There was bipartisan accord in Tuesday night’s New Hampshire Senate debate that barring travelers from three Ebola-affected African countries is, or at least might be, necessary.

And there was bipartisan accord about the need to be bipartisan. And yet Republican candidate Scott Brown repeatedly attacked President Obama’s handling of the Ebola outbreak.

Full story

October 21, 2014

Steady Travel Industry Nerves Needed Amid Ebola Fears

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Travelers at the international arrivals terminal at New York’s John F. Kennedy Airport (Photo by Spencer Platt/Getty Images)

After a plunge in airline stock prices following the first Ebola case in the United States on Sept. 30, those stocks have recovered. Investors in the airline and the hotel industries await the next episode in the Ebola outbreak.

The industries have been understandably guarded in their comments on the outbreak.

Full story

October 20, 2014

The Week Ahead: Distracted Teen Drivers, Earnings Reports & Another Ebola Hearing

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Boeing CEO Jim McNerney will discuss his company’s third quarter earnings on Wednesday. (Photo: Eric Piermont/AFP/Getty Images)

This week we’ll be watching the Ebola effect on commercial aviation as tighter screening proceeds at five U.S. airports and as the political debate continues over a ban on issuing visas to would-be visitors from three Ebola-affected countries, Liberia, Sierra Leone and Guinea.

Some earnings reports out this week will also give an indication of the health of the transportation sector.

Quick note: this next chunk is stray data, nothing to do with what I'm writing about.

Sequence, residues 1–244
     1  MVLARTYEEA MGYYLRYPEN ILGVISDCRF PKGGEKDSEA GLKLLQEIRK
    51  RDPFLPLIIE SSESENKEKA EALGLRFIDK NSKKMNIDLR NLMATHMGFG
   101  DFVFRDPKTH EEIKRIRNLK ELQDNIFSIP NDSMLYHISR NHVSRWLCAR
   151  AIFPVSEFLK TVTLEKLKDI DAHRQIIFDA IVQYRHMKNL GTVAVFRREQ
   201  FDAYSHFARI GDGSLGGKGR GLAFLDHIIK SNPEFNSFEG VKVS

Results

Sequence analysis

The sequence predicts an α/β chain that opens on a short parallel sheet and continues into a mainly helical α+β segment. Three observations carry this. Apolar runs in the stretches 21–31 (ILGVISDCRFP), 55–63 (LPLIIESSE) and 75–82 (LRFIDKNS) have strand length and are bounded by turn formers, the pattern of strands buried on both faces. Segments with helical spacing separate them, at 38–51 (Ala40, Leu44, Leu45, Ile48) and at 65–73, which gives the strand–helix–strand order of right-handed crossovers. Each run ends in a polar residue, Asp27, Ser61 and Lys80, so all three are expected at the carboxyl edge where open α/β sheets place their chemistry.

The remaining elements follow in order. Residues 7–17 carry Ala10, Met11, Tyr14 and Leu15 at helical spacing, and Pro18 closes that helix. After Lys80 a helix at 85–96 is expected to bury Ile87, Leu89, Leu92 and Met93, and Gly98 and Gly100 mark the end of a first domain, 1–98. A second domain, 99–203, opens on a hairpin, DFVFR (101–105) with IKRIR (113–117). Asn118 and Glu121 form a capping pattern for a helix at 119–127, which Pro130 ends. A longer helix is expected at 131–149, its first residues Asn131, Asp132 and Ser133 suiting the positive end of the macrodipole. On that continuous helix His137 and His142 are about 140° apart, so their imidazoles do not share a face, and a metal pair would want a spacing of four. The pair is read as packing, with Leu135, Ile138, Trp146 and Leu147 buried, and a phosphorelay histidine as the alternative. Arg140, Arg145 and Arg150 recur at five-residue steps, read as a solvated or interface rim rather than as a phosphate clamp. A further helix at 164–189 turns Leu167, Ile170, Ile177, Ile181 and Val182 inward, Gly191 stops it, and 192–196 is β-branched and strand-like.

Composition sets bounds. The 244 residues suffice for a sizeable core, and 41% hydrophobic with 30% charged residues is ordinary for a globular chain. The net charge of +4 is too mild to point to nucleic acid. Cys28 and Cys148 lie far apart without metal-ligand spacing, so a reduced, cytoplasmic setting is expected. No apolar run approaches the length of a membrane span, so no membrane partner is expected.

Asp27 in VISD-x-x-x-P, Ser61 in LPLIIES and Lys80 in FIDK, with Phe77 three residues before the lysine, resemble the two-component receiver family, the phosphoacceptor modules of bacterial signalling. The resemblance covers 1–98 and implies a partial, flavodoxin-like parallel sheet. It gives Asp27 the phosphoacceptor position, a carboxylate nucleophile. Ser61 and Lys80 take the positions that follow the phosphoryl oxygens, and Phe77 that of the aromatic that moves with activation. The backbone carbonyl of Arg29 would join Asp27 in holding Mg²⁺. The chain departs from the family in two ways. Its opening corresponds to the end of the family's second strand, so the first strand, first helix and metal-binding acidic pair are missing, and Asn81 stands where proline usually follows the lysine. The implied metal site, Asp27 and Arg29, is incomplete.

Full story

October 16, 2014

Chief Touts FAA Competence In Recovery from Fire

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Administrator Michael Huerta of the Federal Aviation Administration (Photo: Saul Loeb/AFP/Getty Images)

Amid public concerns about the federal government’s competence in handling emergencies sparked by the Ebola outbreak, the head of the Federal Aviation Administration on Thursday touted his agency’s success in recovering from the September 26 fire that disabled the air tariff control center near Chicago.

The facility, which manages the airspace over seven Midwest states, was back in full operation on Monday.

Full story

October 15, 2014

Ebola Issue Poses Campaign Opportunities And Risks

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Colorado Republican Senate candidate Rep. Cory Gardner (Photo By Bill Clark/CQ Roll Call)

With Election Day 20 days away, the Ebola outbreak has become a campaign issue — on that presents as many pitfalls as opportunities.

Rep. Cory Gardner, the Republican Senate candidate in Colorado, will get an opportunity Thursday to demonstrate that he’s engaged in dealing with the outbreak.  Full story

October 14, 2014

European Agency Doubts Value of Ebola Screening

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Travelers at the international arrivals terminal at New York’s John F. Kennedy Airport where new Ebola screening began Saturday. (Photo by Spencer Platt/Getty Images)

While the Centers for Disease Control and Prevention is investing time and money in examining passengers from Ebola-affected countries at five U.S. airports, our colleague Paul Jenks reports that the European counterpart to the CDC came out with a report over the weekend that questions the value of such an effort.

The European agency says entry screening “is likely to have an exceedingly low yield and represents a high investment, which may only contribute to a limited extent, to the prevention of importation of the disease.” More here….